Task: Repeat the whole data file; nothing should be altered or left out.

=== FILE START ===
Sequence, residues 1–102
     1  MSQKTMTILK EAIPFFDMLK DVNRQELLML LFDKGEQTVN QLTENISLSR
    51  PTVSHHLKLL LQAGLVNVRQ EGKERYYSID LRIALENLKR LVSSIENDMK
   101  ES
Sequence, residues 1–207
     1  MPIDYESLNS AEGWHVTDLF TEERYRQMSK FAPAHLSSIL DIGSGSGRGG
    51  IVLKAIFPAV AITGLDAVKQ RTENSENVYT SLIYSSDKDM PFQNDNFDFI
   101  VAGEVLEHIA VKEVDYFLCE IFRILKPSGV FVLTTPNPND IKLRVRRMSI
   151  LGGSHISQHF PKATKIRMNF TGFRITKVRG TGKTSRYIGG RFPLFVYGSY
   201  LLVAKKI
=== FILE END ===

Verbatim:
Sequence, residues 1–102
     1  MSQKTMTILK EAIPFFDMLK DVNRQELLML LFDKGEQTVN QLTENISLSR
    51  PTVSHHLKLL LQAGLVNVRQ EGKERYYSID LRIALENLKR LVSSIENDMK
   101  ES
Sequence, residues 1–207
     1  MPIDYESLNS AEGWHVTDLF TEERYRQMSK FAPAHLSSIL DIGSGSGRGG
    51  IVLKAIFPAV AITGLDAVKQ RTENSENVYT SLIYSSDKDM PFQNDNFDFI
   101  VAGEVLEHIA VKEVDYFLCE IFRILKPSGV FVLTTPNPND IKLRVRRMSI
   151  LGGSHISQHF PKATKIRMNF TGFRITKVRG TGKTSRYIGG RFPLFVYGSY
   201  LLVAKKI